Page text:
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August 12, 1998


The opinion of the court was delivered by: LAMBERTH


 This matter comes before the court on the cross-motions for summary judgment, pursuant to Fed. R. Civ. P. 56(c), of plaintiff Ellen Schrecker and defendant U.S. Department of Justice. Based upon the memoranda in support of and in opposition to the cross-motions, the entire record thereto and the relevant law, plaintiff's motions will be granted in part and denied in part; defendant's motions will be denied.

 I. Background

 A. Factual and Procedural History

 Plaintiff Ellen Schrecker first wrote to the Federal Bureau of Investigation ("FBI") on October 3, 1988 when she submitted a request for agency records maintained in FBI headquarters and field offices on Gerhart Eisler and Clinton Jencks. Both were subjects of Justice Department investigations during the McCarthy Era, in 1947 and 1953 respectively. Eisler was a German communist who lived in the United States from either the late 1930's or 1941 until 1949. The Justice Department indicted Jencks, an official of the Mine, Mill and Smelter Workers International Union in New Mexico, for filing a false affidavit under the Taft-Hartley law.

 Schrecker requested these documents as part of her research for a book on related matters. Her requests were incorporated into a new request from her counsel on November 25, 1994. In accordance with the Freedom of Information Act ("FOIA"), 5 U.S.C. § 552, Schrecker filed this lawsuit, concerning the adequacy of the FBI's releases on January 6, 1995.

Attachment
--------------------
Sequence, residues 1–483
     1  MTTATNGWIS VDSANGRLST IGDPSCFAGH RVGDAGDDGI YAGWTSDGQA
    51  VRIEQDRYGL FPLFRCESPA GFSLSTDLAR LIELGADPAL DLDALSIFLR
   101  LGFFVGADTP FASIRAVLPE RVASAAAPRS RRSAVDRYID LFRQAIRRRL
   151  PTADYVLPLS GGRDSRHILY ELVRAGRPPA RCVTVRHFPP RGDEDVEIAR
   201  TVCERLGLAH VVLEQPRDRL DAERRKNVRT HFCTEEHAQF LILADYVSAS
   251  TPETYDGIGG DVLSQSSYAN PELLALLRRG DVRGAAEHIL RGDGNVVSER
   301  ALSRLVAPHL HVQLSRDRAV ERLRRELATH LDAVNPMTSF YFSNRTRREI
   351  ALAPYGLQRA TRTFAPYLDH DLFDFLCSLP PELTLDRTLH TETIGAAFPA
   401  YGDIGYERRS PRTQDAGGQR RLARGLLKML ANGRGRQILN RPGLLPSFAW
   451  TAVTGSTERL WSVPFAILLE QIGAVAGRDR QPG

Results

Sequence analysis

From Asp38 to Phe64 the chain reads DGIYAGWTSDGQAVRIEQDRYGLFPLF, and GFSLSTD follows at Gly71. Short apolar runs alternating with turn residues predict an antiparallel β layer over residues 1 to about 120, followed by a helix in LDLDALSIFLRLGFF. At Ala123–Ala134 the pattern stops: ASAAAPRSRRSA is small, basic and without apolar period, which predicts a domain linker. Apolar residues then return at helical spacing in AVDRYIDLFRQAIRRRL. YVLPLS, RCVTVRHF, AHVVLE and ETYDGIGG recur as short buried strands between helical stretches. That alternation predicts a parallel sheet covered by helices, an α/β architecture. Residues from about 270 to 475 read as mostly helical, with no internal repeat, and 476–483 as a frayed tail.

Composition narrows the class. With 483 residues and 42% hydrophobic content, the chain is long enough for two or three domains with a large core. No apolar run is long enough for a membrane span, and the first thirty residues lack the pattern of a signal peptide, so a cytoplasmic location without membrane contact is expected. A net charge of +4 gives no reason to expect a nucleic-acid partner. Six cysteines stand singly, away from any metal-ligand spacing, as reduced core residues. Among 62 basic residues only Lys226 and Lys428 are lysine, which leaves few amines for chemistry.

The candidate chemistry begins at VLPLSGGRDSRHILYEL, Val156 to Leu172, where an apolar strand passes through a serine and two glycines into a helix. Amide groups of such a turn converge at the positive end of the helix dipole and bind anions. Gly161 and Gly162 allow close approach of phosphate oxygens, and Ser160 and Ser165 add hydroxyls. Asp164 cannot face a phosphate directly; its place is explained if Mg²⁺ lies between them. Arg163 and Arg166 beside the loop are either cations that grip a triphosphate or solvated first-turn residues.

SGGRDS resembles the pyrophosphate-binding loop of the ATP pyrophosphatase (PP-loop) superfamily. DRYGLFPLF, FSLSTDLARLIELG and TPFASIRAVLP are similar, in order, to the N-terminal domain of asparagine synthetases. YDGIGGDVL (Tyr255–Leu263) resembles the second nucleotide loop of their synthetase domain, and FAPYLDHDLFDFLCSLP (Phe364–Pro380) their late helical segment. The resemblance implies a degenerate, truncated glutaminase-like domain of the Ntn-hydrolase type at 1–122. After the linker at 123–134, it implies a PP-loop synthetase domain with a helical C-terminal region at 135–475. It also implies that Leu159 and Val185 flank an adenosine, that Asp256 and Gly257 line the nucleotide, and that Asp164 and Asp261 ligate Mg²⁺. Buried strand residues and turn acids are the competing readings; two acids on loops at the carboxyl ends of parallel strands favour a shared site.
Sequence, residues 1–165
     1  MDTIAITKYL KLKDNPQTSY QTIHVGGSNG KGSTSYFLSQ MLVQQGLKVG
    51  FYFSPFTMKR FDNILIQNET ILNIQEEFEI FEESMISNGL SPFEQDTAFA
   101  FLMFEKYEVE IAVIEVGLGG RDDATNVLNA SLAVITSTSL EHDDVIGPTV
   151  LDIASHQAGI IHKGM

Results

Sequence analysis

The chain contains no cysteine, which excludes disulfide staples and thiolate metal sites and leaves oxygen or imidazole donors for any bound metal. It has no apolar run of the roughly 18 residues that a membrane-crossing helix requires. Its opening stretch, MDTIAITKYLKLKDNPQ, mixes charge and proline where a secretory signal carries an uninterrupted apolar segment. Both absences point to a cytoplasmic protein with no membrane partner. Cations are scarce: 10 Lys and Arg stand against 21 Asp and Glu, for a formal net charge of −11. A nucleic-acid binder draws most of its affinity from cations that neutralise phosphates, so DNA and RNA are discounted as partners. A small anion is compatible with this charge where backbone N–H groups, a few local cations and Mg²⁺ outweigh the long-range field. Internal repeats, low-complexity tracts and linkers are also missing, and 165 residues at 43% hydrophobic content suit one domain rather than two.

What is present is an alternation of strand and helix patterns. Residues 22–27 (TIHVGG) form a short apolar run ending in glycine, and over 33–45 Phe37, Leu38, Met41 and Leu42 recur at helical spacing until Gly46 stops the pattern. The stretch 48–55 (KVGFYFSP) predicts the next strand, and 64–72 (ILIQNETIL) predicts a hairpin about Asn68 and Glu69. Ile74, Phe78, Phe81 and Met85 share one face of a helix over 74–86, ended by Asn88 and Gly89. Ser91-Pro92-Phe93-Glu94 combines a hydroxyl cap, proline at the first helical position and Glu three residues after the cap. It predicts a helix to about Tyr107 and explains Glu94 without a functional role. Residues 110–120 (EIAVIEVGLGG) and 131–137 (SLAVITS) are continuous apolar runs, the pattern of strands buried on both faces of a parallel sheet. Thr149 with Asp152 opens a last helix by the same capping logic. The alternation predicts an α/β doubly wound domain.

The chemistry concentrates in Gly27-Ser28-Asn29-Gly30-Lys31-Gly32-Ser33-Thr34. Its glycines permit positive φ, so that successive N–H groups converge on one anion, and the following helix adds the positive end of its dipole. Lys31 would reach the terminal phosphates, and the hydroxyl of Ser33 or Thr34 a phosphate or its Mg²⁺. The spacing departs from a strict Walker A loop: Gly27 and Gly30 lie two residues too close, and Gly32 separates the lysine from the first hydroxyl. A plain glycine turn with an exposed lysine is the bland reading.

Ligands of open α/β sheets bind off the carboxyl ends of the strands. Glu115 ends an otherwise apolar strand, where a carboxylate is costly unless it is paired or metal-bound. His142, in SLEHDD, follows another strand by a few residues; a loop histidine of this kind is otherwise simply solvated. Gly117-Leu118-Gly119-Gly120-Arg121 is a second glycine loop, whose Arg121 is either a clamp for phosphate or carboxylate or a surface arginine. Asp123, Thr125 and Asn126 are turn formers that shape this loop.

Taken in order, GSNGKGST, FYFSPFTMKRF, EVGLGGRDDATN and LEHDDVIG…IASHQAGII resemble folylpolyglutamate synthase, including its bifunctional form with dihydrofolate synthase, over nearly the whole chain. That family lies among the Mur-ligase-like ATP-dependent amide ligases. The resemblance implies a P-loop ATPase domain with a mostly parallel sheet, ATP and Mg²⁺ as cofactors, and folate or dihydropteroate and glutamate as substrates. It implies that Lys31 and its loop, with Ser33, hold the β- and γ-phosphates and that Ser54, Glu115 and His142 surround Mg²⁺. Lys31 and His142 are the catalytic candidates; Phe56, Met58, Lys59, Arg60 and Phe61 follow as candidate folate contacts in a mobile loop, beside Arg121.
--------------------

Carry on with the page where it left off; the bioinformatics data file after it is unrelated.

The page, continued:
On April 24, 1989, the FBI had released 947 of 1356 pages responsive to her request on Eisler, but withheld certain documents or portions thereof, invoking 5 U.S.C. §§ 352(b)(1)(information containing classified national security information); 552(b)(3)(pursuant to Fed. R. Crim. P. 6(e))(information containing grand jury materials); 552(b)(7)(C)(information that could reasonably be expected to constitute an unwarranted invasion of personal privacy); 552(b)(7)(D)(information that could reasonably be expected to disclose the identity of a confidential source); and 552(b)(7)(E)(information that would disclose techniques and procedures for law enforcement investigations and prosecutions). On August 20, 1991, the FBI had released 594 out of 690 processed pages relating to Eisler. The FBI next released 4,121 pages out 4,245 Eisler pages on April 13, 1995. FBI headquarters released the next set of documents on July 14, 1995, providing 2,656 out of 3,461 pages on Eisler. Subsequently the FBI released 2,252 out of 3,106 pages on November 6, 1995, withholding information in concert with all the aforementioned FOIA exemptions as well as 5 U.S.C. § 552(b)(2)(information that pertains solely to the internal personnel rules and practices of an agency).